Defect Report #117
Submission Date: 03 Dec 93
Source: Ron Guilmette
ANSI/ISO C Defect Report #rfg24:
Subject: Abstract semantics, sequence points, and expression evaluation.
Does the following code involve usage which renders the
code itself not strictly conforming?
int example ()
int x1 = 2, x2 = 1, x_temp;
return (x_temp = x1, x_temp) + (x_temp = x2, x_temp);
The semantic descriptions in this International Standard describe
the behavior of an abstract machine in which issues of optimization
Between the previous and next sequence point an object shall
have its stored value modified at most once by the evaluation of an
Although it is quite clear that the above quoted ``modified at
most once'' rule was intended to render certain programs ``not
strictly conforming,'' there is an unfortunate amount of ambiguity
built into the current wording of that rule.
Quite simply, while the ``modified at most once'' rule is obviously
telling us what a ``strictly conforming program'' must not do
between two particular points in time, it is altogether less
than clear what events and/or actions (exactly) are associated with
these two points in time. Additionally, it is also less than clear
(from reading the remainder of the C Standard) what actions and/or
events are allowed (or required) to take place between some pair of
sequence points in cases where both members of the pair are part of
some large single expression whose evaluation order is not completely
dictated by the C Standard.
Note that despite the assertion given in subclause 126.96.36.199 (and quoted
above) the C Standard does not fully specify the behavior of
the ``abstract machine,'' especially when it comes to the issue
of the ordering of sub-expression evaluation used by the ``abstract
This fact makes it inherently impossible to precisely determine even
just the relative timings of various events (including the
``occurrence'' of or the ``execution'' of or the ``evaluation''
of sequence points) which may (or must) occur sometime during the
evaluation of a larger containing expression (except in a few cases
involving || or && or ?: or , operators).
To put it more plainly, if some pair of sequence points will be ``reached''
(or ``evaluated'' or ``executed'') during the evaluation
of any pair of subexpressions which are themselves operands for some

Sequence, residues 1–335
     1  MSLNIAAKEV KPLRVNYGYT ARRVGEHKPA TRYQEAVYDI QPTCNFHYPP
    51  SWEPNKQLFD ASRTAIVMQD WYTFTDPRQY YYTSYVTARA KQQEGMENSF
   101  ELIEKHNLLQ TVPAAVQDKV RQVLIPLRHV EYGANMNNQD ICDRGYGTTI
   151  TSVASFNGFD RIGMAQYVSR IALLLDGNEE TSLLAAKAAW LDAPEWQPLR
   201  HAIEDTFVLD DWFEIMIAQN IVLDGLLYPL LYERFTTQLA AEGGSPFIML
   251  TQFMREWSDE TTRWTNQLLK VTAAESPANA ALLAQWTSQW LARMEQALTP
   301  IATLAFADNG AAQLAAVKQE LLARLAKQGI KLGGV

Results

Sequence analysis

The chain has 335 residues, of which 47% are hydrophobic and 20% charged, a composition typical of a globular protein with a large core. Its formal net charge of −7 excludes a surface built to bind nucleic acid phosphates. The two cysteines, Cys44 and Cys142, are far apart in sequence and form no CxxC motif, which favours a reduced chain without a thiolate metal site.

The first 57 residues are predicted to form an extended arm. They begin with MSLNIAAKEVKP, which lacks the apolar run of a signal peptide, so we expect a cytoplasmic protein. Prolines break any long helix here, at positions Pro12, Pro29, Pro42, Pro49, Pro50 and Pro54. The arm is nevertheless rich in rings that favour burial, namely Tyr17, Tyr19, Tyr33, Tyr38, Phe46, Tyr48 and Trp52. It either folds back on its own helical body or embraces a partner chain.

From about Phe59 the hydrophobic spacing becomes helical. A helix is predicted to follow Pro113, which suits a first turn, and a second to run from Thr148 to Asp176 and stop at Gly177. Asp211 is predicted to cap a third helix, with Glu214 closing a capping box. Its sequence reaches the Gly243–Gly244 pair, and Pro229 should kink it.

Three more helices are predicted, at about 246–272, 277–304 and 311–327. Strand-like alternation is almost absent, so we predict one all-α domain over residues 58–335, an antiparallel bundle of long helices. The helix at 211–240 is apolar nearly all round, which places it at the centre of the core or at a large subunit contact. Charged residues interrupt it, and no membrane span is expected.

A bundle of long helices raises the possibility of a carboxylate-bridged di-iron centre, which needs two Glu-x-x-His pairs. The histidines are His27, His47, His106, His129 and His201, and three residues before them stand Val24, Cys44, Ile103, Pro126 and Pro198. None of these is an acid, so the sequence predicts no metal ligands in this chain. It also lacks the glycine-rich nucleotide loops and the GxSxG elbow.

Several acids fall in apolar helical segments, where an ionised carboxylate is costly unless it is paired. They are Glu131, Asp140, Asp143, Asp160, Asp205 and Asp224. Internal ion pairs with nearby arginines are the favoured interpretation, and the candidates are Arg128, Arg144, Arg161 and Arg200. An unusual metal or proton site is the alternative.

binary operator (other than the operators || or && or
?: or ,) then the C Standard's description of the ``abstract
machine'' semantics are inadequate to enable us to know either
which order these two sequence points will occur in, or even
which other aspects of the evaluation of the overall expression may
(or must) occur ``between'' the two sequence points.
Thus, it seems that it may also be inherently impossible to know
whether or not the prohibition against multiple modifications of a
given variable ``between'' two consecutive sequence points is
(or may be) violated in such contexts.
Here is a simple example of an expression which illustrates these
(x = i, x) + (x = j, x)
In this expression there are two ``comma'' sequence points;
however, nothing in the C Standard gives any indication as to which
of these two may be (or must be) ``evaluated'' or ``reached''
first. (Indeed, it would seem that on a parallel machine of some sort,
both points could perhaps be reached simultaneously.) It is
fairly clear however that each of the references to the stored values
of x must not be evaluated until their respective preceeding
``comma sequence points'' have been ``reached'' or ``evaluated.''
Thus, a partial (but very incomplete) ordering is imposed upon the
sequence of events which must occur during the evaluation of this
For the sake of this example, let us call the leftmost comma in the
above expression ``lcomma'' and call the rightmost comma ``rcomma.''
Given this terminology, it would appear that the C Standard permits
the following sequence of events during evaluation of the above expression:
Note that in this (very realistic) example, the stored value of x
is never modified more than once between any pair of sequence
points. Given that the ordering described above is both a perfectly
plausible and also a perfectly permissible ordering
for the evaluation of the expression in question, and given that this
particular permissible ordering of events does not violate the ``modified
at most once'' rule (quoted earlier) it therefore appears that
the expression in question may in fact be interpreted as being ``strictly
conforming,'' and that such expressions may appear within ``strictly
x= (leftmost assignment to x)
lcomma <==== sequence point
eval(x) (leftmost reference to stored value of x)
x= (rightmost assignment to x)
rcomma <==== sequence point
eval(x) (rightmost reference to stored value of x)
I would like the Committee to either confirm or reject this view,
and to provide some commentary explaining that confirmation or rejection.
The C Standard does not forbid an implementation from interleaving
the subexpressions in the given example as specified above. Similarly,
there is no requirement that an implementation use this particular
interleaving. It is irrelevant that one particular interleaving
yields code that properly delimits multiple modifications of the
same object with sequence points. Any program that depends on this
particular interleaving is depending on unspecified behavior, and is
therefore not strictly conforming.
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